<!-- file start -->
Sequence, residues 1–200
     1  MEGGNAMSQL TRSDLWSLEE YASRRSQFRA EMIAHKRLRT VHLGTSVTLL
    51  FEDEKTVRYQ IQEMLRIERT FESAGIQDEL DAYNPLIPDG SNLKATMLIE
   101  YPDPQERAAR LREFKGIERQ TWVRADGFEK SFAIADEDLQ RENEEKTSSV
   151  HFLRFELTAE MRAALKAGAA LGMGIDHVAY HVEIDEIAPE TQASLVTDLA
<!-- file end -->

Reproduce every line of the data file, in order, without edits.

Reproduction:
Sequence, residues 1–200
     1  MEGGNAMSQL TRSDLWSLEE YASRRSQFRA EMIAHKRLRT VHLGTSVTLL
    51  FEDEKTVRYQ IQEMLRIERT FESAGIQDEL DAYNPLIPDG SNLKATMLIE
   101  YPDPQERAAR LREFKGIERQ TWVRADGFEK SFAIADEDLQ RENEEKTSSV
   151  HFLRFELTAE MRAALKAGAA LGMGIDHVAY HVEIDEIAPE TQASLVTDLA